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Walmart buyer: We want seafood suppliers to drive change

Walmart Senior Buying Manager Trevyr Lester talks to IntraFish about the retail giant's approach to responsible sourcing and how suppliers can step up to the plate.

"We don't look at it as sustainability. It's about responsibility," Senior Buying Manager at US retail giant Walmart Trevyr Lester told IntraFish in the wings of the Seaweb Seafood Summit in Bangkok.

As one of the world's largest seafood buyers, the responsibility, needless to say, is huge, with all issues on the radar.

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"We look at everything. Surety of supply as well as social, environmental and ethical issues. To say there was one hot topic would do injustice to the issue," said Lester.

"We try to prioritize, but to me, they all become important -- they are all spokes of the same wheel -- so it's about setting up a system for that."

Walmart's buying structure is well-designed for the process, with a large responsible sourcing team across all its product lines that plays different roles in verifying and improving sources and supply chains.

Internally there is also a lot of collaboration between different buying departments, sharing strategies and challenges across sectors. "A lot of seafood lessons can be passed down," said Lester.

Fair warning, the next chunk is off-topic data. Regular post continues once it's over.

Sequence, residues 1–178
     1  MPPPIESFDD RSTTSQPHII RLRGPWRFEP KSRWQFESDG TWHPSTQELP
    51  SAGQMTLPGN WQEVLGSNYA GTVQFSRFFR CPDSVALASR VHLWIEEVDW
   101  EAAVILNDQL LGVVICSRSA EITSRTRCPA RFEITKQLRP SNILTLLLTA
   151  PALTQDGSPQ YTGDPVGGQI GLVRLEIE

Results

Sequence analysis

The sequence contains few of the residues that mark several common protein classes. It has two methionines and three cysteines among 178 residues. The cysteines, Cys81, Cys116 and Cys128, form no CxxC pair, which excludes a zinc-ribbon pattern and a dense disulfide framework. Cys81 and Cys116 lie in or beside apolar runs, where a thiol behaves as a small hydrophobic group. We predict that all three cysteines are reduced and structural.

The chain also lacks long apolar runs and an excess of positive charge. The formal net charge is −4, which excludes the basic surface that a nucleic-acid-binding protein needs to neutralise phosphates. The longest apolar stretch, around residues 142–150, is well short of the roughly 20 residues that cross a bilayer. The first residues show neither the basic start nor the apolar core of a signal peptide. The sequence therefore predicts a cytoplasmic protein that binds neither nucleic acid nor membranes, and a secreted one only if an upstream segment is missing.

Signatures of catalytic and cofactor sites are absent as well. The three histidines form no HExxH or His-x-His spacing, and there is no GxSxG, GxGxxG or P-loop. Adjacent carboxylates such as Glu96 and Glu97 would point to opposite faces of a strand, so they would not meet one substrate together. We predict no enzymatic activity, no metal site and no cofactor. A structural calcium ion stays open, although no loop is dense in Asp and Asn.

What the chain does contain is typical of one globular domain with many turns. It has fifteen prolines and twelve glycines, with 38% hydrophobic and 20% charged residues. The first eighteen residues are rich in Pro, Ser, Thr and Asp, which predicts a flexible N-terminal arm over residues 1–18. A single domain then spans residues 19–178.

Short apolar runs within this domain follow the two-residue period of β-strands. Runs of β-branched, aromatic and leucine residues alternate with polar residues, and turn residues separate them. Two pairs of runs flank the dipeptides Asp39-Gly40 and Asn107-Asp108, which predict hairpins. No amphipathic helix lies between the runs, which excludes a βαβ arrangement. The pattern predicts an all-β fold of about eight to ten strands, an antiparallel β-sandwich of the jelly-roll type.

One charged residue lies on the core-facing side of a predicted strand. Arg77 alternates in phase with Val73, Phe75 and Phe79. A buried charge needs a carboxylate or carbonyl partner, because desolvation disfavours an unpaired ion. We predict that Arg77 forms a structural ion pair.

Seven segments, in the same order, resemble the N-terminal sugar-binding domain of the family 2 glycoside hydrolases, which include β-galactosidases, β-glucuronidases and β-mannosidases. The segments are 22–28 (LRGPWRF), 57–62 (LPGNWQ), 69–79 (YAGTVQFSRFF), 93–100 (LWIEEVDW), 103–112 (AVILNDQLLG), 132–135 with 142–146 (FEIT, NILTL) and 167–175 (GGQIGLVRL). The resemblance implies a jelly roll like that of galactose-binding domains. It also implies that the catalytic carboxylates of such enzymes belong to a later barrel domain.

Walmart also encourages seafood suppliers to be proactive in the process. "We'd like to see buyers facilitate the need to change, rather than have us tell them what to do. When it's instructional it becomes slow," said Lester.

In terms of measuring the sustainability of its sources, Walmart uses a cross-platform approach, looking at certifications and fishery improvement projects (FIPs) to understand the progress of its sources.

"There is a lot of data management using SFP [Sustainable Fisheries Partnership] metrics," said Lester.

As to whether wild caught or aquaculture poses bigger challenges to responsible sourcing for Walmart, Lester says there is risk in any supply chain.

"In wild caught there is more complexity in the supply chain so it comes into the crosshairs more often," she said. "But farmed product is so important too."

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